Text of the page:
– The bigger issues in the world!
Describe yourself in three words? Crazy. Sexy. Cool.
Describe your work in one word? Different
The ideal night out is…
– A crazy Drum and Bass rave.
How big a role, does the likes of Facebook and twitter have in your daily routine? Which is your favorite format to interact with?
– Social networking sites don’t really have an impact on my work, I use facebook for my personal use to interact with friends and networking for social reasons like finding out where the best parties are at.
What does 2011 have in store for you? Has the beginning of 2011 been a positive experience for you so far?
– Yeah I like to think so. I’ve been away to Barbados which was a great start to the year. It is a wonderful place with beautiful people and culture which was very different from the one I know, but I like discovering new and different things and especially cultures so who knows where life is going to take me next. I don’t have any plans set in stone.
Where do you see yourself in five years down the line?
– I hate questions like that; I don’t believe that there should be so much pressure on people to know where they want to be in terms of their expectation of life. I believe in just being there and enjoying and letting life carry you to your next destination.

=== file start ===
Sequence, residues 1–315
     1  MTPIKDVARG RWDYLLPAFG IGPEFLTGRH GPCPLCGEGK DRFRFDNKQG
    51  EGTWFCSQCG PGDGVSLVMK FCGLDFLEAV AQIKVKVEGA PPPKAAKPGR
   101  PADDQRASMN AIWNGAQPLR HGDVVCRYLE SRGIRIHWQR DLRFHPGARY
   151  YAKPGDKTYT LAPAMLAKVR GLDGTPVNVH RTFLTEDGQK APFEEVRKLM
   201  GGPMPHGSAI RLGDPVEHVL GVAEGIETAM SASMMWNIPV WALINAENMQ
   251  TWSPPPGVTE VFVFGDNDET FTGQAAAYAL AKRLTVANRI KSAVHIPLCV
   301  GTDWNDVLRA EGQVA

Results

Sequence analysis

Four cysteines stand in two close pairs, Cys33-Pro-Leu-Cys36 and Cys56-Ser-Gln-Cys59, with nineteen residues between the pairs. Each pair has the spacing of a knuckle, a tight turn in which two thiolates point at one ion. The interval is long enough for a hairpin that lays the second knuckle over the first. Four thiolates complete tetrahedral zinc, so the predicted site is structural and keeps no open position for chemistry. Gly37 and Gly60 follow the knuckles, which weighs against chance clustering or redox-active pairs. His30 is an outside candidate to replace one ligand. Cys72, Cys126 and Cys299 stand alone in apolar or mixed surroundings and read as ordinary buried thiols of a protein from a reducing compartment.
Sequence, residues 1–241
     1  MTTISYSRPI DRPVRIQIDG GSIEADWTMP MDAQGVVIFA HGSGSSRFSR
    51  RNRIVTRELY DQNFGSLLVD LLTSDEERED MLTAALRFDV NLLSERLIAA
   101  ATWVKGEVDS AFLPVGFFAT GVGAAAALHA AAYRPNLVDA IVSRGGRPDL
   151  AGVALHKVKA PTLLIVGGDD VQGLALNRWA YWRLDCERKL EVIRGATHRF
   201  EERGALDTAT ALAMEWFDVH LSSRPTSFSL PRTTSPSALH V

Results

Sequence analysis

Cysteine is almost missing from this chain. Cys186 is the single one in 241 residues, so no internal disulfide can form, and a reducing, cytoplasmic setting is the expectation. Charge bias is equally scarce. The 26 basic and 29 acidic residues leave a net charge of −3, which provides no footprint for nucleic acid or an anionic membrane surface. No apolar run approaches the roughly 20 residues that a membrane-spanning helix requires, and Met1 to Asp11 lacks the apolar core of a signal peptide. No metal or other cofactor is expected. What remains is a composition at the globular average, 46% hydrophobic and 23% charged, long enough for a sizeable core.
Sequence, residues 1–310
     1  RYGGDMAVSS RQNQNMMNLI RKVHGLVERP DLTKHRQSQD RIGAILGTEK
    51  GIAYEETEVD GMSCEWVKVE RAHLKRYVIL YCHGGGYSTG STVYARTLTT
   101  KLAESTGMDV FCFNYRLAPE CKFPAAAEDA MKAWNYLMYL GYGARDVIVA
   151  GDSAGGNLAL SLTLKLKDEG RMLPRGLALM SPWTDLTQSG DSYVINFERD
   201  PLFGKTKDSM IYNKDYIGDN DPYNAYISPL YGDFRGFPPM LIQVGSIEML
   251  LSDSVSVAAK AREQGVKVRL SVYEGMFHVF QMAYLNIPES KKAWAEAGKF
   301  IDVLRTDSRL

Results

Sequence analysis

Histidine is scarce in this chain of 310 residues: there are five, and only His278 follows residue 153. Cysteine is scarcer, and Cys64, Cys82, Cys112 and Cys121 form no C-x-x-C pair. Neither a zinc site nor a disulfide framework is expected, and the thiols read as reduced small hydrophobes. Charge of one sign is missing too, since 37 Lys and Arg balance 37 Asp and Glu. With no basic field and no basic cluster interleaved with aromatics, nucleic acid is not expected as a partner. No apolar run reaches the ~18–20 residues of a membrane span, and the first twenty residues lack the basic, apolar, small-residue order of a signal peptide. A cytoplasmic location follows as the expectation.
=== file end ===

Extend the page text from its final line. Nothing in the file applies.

What do you have to say to the next generation, particularly for those hoping to follow in your footsteps?
– Travel, explore and find your individual style. Be yourself and make it evident in your work.
What’s so special about London?
– London is where it’s all happening in the UK. It’s so diverse and multi-cultural which is nice to see. Anyone and anything goes therefore, anything is possible.
What made you stay in London?
– I studied in London and felt it was the place to be if I wanted to break into the fashion industry.
Bars & Clubs: Hoxton/ Shorditch/ Brick lane (east end)
Eating Out: Again I love the east because you get a mix of things at a decent prices and there’s a great vibe about the trendy east end. But Tyabbs is amazing for a good curry!
Shopping places: West end is where you can find everything in one place, but I prefer the sample sales which are around the east and the markets. Petticoat lane and Sunday up market.
Must see (sight-seeing): Personally I like the east end where there’s a lot of character from the likes of Jack the ripper and the Kray’s twins. I also love going for walks around Tower Bridge, which is a really good must see! But for tourists, jump on a topples bus, there’s some really good places in the west too.
Your all-time favourite hangout: You guessed it…… Brick lane!